The director of the National Gallery, Gabriele Finaldi, talks about its greatest-ever crisis, and shares his hopes for its future in the post-pandemic world
Few places in Britain reflect the events of Holy Week and Easter as movingly as the National Gallery, which often feels more like the National Cathedral. Its walls are festooned with glorious and touching and beautiful images of the events around Christ’s life and death: everywhere you glance, there’s another still from the story, set as often in Renaissance Italy as first-century Israel, which in itself underlines the role of art in translating spiritual themes to different times and places, and in turn tunes us into how the age-old narrative might still be relevant.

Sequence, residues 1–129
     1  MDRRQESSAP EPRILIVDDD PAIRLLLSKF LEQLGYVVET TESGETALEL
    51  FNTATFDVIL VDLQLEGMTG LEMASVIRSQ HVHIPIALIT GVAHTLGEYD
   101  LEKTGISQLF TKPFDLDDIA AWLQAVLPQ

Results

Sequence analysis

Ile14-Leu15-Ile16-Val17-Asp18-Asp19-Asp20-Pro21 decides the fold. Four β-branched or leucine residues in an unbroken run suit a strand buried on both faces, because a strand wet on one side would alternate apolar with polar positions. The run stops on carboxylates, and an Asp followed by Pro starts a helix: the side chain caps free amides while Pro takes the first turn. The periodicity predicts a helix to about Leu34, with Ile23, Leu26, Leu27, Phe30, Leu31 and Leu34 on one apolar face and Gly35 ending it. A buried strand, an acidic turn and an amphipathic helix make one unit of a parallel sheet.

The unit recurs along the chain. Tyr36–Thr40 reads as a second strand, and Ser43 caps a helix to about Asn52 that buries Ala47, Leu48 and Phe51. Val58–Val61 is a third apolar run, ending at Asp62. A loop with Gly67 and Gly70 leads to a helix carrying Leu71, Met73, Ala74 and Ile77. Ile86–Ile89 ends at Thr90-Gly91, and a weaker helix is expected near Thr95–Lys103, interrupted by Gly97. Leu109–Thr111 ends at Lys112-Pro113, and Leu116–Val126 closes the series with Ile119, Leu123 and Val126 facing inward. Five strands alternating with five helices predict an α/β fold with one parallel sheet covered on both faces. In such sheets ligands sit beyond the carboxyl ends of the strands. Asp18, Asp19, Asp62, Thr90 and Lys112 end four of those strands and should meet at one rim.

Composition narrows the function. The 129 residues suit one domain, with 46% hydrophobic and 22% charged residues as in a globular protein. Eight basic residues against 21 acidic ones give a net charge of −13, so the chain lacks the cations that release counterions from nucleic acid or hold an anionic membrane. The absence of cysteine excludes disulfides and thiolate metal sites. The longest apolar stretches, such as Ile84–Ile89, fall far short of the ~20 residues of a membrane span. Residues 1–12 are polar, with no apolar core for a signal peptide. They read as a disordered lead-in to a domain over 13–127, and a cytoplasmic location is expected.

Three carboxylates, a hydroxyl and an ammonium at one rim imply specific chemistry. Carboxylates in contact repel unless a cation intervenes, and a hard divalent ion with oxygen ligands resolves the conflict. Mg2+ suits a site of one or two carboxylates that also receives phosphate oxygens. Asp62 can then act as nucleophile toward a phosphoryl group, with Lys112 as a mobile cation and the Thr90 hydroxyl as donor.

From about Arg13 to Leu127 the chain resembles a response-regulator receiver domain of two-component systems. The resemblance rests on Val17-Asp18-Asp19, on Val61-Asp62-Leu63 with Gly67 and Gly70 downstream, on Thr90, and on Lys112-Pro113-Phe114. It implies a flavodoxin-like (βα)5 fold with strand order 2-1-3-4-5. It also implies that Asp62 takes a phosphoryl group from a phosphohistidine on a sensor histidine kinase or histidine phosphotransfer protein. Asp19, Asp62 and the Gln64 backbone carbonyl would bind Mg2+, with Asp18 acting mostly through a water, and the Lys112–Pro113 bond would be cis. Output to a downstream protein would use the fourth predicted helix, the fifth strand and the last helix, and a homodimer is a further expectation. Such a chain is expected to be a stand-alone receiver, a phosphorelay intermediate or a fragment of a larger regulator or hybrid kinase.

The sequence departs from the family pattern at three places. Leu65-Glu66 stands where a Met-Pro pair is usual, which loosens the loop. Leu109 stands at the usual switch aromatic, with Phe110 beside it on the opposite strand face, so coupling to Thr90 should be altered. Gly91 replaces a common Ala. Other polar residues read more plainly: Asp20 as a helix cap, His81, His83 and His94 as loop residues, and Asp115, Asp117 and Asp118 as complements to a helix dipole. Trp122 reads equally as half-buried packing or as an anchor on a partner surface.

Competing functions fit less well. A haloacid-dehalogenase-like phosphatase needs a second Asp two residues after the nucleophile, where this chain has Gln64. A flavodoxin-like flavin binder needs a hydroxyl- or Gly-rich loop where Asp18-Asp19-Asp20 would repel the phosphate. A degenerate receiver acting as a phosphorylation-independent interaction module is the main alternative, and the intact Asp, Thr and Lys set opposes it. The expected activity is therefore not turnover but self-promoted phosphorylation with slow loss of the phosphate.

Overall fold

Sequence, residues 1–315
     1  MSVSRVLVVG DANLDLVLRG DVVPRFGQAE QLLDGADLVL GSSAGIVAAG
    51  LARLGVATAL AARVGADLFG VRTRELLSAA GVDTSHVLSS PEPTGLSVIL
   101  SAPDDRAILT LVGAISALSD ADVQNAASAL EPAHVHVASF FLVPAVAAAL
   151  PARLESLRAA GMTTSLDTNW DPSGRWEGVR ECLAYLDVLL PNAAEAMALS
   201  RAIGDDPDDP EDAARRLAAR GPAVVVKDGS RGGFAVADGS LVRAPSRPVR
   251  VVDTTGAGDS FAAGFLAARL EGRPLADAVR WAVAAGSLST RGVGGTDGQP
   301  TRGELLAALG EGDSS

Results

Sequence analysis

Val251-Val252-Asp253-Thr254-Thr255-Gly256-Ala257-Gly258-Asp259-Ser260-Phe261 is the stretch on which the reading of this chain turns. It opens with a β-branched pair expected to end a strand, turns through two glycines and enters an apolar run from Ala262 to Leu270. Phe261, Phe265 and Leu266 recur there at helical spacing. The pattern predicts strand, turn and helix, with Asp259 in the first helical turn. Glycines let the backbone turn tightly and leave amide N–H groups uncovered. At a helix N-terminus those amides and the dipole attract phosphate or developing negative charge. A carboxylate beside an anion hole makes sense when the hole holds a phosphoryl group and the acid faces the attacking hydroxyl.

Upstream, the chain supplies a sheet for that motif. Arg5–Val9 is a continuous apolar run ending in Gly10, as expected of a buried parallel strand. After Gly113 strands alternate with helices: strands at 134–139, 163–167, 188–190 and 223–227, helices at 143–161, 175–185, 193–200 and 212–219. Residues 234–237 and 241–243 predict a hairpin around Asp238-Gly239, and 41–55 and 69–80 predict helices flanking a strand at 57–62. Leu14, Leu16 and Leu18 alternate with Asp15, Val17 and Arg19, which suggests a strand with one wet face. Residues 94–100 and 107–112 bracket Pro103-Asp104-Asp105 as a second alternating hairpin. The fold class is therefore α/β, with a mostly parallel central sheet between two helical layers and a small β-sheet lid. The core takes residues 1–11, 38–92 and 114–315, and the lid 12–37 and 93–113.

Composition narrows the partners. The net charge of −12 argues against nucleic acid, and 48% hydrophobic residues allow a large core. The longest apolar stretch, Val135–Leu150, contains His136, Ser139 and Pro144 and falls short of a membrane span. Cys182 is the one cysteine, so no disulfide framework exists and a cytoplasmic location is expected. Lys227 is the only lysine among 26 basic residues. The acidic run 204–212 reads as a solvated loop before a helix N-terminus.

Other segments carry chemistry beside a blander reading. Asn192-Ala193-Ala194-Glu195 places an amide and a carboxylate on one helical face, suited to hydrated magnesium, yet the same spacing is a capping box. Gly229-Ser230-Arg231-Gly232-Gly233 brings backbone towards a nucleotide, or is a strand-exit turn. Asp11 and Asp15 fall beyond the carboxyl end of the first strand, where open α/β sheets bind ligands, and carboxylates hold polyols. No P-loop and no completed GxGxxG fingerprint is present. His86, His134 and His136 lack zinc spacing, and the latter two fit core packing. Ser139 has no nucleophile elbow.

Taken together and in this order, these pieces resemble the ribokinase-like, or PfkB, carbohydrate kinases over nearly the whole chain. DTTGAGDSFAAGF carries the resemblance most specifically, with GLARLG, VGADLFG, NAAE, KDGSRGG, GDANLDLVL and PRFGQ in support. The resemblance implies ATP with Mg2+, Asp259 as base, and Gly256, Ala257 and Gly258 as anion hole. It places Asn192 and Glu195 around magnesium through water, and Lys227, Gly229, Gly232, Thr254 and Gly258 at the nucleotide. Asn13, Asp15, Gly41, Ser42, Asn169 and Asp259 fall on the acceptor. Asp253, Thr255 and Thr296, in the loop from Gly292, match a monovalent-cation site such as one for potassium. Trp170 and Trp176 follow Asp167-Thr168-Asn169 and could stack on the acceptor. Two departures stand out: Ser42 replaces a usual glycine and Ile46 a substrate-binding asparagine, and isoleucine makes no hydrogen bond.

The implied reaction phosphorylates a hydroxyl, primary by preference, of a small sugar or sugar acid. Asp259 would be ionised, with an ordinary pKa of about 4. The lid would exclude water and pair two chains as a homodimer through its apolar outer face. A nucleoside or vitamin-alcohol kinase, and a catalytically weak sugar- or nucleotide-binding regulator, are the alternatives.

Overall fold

So how sad it is that the National Gallery, like most of Britain, remains closed this weekend – although there is more than a hint of hope in the voice of its director as he tells me about the plans for its reopening next month. It’s no coincidence, says Gabriele Finaldi, that as the magnolia springs into colour and the country is piqued with freshness and light, Britain’s best-known centre of art is preparing to welcome back visitors. “We’ve all learned to live with uncertainty, and there are things in the National Gallery which are lasting and eternal, whether they’re images relating to faith or just the work of its great artists.”